Cheryl Rucker visits the grave of her daughter Shynerra Grant, who was killed by an ex-boyfriend despite a juvenile court's no-contact order. The new law toughens such restrictions.
<Jeremy Wadsworth / The Blade
Buy This Image
Shynerra Grant did what she was supposed to do after her ex-boyfriend broke her jaw. Fearing for her life, she turned to juvenile court and received a no-contact order that prohibited Antonio Bryant Rogers from coming into physical contact with her.
COLUMBUS - Shynerra Grant did what she was supposed to do after her ex-boyfriend broke her jaw.
Fearing for her life, she turned to juvenile court and received a no-contact order that prohibited Antonio Bryant Rogers from coming into physical contact with her.
But less than two weeks after the 17-year-old West Toledo cheerleader graduated from Start High School in 2005, her family and friends attended her funeral. She'd been shot by Rogers after fleeing to a friend's house to escape him.
That day brought an abrupt end to two young lives. Rogers, 18, went home and shot himself.
Today, Gov. Ted Strickland will sign Shynerra's Law, handing juvenile court judges a tool they didn't have when the law's namesake first turned to the court for help in 2004.
The bill, which will take effect in 90 days, would authorize juvenile court judges to issue and enforce protection orders defending one minor from another when one has been accused of committing felonious or aggravated assault, menacing by stalking, a sex crime, or a similar offense.
Judges in adult courts already have that authority.
Shynerra's mother, Cheryl Rucker, is expected to be there when Mr. Strickland affixes his signature to the bill that Rep. Edna Brown (D., Toledo) introduced three times over five years before it won passage.
Shynerra Grant of West Toledo was 17 when her ex-boyfriend killed her in 2005.
"It's definitely her blood attached to it," Ms. Rucker said. "It can't bring her back, but what happened to her may help so that another young lady won't have to go through the same thing."
She said she believes her daughter would be alive today, most likely a graduate of Wilberforce University and working as a school teacher, if the judge in her case had the power to issue the juvenile equivalent of an adult protection order against Rogers and follow it up with electronic monitoring or other enforcement.
That would have been more effective than the no-contact order available at the time, Ms. Rucker said.
"That meant he couldn't contact her or talk to her, but they could be in the same place together," said Ms. Rucker. "It was basically nothing. He used to show up at games and other activities. Police said he could stay, because he wasn't talking to her.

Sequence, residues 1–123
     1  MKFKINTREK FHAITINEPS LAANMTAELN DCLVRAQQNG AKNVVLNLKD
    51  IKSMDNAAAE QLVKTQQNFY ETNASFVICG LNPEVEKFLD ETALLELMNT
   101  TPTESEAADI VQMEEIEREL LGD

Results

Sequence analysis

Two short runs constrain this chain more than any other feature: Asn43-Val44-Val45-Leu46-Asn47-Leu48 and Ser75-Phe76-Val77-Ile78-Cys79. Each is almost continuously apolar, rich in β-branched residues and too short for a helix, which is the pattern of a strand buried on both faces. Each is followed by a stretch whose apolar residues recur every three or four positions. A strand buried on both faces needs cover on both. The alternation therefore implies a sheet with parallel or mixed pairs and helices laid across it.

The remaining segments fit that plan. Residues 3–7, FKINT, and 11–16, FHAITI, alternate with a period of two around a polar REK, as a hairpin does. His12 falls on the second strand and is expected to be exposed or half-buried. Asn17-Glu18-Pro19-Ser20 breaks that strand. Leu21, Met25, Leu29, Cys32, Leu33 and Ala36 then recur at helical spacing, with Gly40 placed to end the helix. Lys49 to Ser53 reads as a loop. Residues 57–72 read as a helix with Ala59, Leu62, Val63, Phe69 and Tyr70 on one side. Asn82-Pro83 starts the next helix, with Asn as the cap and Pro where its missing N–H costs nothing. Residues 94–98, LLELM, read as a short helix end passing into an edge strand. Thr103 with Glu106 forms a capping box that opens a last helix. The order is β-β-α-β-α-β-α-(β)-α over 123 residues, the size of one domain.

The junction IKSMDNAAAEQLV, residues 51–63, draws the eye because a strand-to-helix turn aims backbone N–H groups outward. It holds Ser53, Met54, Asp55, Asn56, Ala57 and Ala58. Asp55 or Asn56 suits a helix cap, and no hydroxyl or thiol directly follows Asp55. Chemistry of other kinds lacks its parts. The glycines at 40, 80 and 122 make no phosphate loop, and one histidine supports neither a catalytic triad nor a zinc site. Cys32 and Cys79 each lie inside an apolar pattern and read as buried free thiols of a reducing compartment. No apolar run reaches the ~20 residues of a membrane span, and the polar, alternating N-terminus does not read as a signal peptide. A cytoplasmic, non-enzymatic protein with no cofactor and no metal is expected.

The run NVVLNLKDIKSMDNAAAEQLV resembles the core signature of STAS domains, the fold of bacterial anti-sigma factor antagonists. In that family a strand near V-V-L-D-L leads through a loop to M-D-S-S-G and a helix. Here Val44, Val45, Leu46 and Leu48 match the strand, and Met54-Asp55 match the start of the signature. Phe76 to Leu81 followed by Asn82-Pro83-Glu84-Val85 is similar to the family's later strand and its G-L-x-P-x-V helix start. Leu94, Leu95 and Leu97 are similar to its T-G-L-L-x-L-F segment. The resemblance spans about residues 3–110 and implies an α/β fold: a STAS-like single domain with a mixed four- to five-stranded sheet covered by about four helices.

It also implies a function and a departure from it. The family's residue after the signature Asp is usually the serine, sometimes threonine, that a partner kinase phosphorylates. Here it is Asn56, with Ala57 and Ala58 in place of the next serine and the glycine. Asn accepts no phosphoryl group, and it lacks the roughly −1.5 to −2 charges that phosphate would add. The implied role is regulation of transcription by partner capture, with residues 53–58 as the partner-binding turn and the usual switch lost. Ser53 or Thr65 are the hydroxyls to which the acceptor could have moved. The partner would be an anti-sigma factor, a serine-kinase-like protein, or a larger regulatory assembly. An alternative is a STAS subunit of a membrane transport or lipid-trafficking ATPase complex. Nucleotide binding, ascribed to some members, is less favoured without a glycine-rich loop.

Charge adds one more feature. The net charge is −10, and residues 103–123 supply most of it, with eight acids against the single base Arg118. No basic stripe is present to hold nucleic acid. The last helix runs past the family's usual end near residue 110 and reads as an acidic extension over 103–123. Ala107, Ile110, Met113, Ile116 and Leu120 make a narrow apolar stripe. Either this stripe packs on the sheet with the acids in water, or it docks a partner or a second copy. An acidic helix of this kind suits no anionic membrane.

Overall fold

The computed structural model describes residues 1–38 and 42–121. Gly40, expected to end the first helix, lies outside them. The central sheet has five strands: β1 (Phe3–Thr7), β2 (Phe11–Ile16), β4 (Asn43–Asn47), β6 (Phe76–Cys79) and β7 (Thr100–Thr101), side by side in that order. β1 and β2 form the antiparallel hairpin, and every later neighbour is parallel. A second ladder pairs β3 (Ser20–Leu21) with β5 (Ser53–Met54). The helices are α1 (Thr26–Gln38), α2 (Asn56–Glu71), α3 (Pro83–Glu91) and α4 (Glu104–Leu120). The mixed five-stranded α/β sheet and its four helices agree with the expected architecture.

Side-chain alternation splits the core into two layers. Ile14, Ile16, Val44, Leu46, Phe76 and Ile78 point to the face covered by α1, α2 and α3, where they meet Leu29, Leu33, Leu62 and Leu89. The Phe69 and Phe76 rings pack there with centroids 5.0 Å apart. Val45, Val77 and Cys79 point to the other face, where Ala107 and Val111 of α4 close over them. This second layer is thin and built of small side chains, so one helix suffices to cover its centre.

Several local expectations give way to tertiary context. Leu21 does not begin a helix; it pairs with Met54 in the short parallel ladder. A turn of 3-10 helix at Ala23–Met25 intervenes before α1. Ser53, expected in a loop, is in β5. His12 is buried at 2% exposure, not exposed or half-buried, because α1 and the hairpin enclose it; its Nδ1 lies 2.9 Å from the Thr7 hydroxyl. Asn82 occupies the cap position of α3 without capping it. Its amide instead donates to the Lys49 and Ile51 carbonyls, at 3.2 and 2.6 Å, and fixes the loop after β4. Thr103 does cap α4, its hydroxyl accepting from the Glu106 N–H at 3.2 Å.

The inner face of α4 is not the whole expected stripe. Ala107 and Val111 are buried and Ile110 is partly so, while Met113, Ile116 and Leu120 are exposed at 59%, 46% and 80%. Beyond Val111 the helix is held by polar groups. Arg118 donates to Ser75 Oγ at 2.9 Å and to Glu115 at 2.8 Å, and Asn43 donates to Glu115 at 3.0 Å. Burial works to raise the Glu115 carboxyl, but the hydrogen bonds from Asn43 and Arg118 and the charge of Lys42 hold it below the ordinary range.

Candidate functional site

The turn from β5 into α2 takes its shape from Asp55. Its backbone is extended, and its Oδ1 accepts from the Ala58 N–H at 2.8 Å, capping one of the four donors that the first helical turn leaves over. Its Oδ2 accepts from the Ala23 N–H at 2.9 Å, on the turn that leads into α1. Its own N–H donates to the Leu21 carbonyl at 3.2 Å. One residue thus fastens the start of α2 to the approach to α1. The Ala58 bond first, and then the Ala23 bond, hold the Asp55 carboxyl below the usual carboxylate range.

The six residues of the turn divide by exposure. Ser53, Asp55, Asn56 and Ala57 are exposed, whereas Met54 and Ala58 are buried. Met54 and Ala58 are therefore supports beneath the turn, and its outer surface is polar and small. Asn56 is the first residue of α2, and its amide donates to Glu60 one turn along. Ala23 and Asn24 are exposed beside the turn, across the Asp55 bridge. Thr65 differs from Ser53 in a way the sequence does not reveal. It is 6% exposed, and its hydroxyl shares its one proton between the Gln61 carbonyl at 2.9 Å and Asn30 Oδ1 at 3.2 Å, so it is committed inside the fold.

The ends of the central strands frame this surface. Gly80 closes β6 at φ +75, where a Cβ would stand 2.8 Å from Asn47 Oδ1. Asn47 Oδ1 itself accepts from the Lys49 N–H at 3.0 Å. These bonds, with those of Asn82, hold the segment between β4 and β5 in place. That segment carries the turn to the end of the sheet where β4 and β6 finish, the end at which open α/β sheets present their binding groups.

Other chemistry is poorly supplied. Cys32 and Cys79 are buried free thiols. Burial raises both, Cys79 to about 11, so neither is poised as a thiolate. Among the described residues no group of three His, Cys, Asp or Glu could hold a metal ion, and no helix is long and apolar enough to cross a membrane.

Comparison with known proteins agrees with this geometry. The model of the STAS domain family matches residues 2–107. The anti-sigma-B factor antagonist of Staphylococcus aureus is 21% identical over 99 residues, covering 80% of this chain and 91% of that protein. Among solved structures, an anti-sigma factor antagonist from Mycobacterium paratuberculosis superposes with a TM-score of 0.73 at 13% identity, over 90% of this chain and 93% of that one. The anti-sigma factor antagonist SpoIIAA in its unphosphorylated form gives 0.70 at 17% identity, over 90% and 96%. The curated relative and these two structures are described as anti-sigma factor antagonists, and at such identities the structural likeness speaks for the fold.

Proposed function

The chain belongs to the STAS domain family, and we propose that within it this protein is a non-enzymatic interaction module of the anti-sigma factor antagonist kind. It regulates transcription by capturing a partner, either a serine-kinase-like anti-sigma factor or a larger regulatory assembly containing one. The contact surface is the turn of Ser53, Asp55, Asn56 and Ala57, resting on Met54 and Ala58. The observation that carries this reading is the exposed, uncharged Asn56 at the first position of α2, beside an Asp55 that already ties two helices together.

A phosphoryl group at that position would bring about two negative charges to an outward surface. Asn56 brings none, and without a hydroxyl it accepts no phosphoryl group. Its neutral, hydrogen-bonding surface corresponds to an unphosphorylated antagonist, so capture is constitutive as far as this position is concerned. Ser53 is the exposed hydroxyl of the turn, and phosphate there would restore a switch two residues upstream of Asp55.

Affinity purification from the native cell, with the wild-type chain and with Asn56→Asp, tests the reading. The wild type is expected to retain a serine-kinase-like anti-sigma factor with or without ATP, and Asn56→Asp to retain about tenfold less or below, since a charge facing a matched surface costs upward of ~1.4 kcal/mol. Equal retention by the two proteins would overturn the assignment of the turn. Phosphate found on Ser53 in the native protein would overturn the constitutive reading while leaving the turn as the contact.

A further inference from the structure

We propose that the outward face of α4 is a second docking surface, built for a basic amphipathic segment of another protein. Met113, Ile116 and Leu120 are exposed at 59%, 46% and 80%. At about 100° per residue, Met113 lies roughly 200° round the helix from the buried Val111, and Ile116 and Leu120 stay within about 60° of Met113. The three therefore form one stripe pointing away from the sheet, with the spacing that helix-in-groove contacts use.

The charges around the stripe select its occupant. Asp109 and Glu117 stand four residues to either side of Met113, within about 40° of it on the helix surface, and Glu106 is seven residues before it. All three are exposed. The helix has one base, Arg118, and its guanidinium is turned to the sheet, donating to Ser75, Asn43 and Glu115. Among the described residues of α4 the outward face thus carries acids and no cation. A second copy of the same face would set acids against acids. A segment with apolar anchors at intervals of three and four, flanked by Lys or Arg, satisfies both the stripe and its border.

"But he was still sending messages through other people, sending text messages, and still tormenting her," she said. "She was still being stalked. I believe he felt invincible because he didn't receive any jail time."
At one point, she said he convinced a new girlfriend to attack Shynerra.
Mr. Strickland eventually championed the bill, urging its passage at a domestic violence event last month.
"Research shows that females aged 16-24 are almost three times more likely to encounter dating violence than older women and that those patterns established in teen years carry over into adulthood," his spokesman, Amanda Wurst, said.
The bill includes a mechanism to have records of the juvenile proceedings sealed if the subject turns 19 after having complied with the protection order.
One of the stumbling blocks in getting the bill passed was some lawmakers' concerns that a single incident or a false accusation could haunt an individual into adulthood.
Judges' opinions of the bill evolved as its language evolved.
Lucas County Juvenile Court Judge Denise Navarre Cubbon was initially reluctant to be placed in a position of having to judge what constitutes a dating relationship under an early version. The bill's focus has since shifted away from violence within the context of a dating relationship to violence generally between minors.
"I would still have the option of issuing an interim order of no-contact while a case is still pending," she said. "But I'm going to imagine that, from a juvenile's and juvenile's family's perspective, a civil protection order raises the level of seriousness of this offense."
Now living in Mesquite, Texas, Ms. Rucker was visiting relatives this week in Toledo when she learned the governor was about to sign the bill.
"It's taken Shynerra's mom a long time, and she's still not over it yet," Ms. Brown said. "She still has really not found closure. The fact that she will see the bill that she really pushed for become law, I think, might help her to see some closure. It means a great deal to me to have been able to accomplish this for her."
Also expected to attend today's bill-signing ceremony are Elizabeth Deal, of Oregon, whose daughter Christina, 18, was killed by a former boyfriend in 2003, Johanna Orozco, of Cleveland, who survived being shot in the face by an ex-boyfriend, and several representatives of domestic violence organizations.
Contact Jim Provance at: